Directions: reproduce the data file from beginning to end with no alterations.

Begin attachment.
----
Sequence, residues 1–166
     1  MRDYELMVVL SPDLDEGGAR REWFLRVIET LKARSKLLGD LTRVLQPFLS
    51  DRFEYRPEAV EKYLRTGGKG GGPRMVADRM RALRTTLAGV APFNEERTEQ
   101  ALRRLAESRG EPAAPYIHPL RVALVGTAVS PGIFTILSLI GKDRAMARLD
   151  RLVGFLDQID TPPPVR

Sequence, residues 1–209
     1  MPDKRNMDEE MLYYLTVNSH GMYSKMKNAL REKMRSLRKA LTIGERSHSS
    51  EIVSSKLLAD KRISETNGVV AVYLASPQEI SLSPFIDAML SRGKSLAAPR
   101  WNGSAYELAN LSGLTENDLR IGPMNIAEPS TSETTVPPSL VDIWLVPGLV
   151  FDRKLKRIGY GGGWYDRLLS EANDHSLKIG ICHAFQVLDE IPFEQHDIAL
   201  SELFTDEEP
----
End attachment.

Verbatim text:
Sequence, residues 1–166
     1  MRDYELMVVL SPDLDEGGAR REWFLRVIET LKARSKLLGD LTRVLQPFLS
    51  DRFEYRPEAV EKYLRTGGKG GGPRMVADRM RALRTTLAGV APFNEERTEQ
   101  ALRRLAESRG EPAAPYIHPL RVALVGTAVS PGIFTILSLI GKDRAMARLD
   151  RLVGFLDQID TPPPVR

Sequence, residues 1–209
     1  MPDKRNMDEE MLYYLTVNSH GMYSKMKNAL REKMRSLRKA LTIGERSHSS
    51  EIVSSKLLAD KRISETNGVV AVYLASPQEI SLSPFIDAML SRGKSLAAPR
   101  WNGSAYELAN LSGLTENDLR IGPMNIAEPS TSETTVPPSL VDIWLVPGLV
   151  FDRKLKRIGY GGGWYDRLLS EANDHSLKIG ICHAFQVLDE IPFEQHDIAL
   201  SELFTDEEP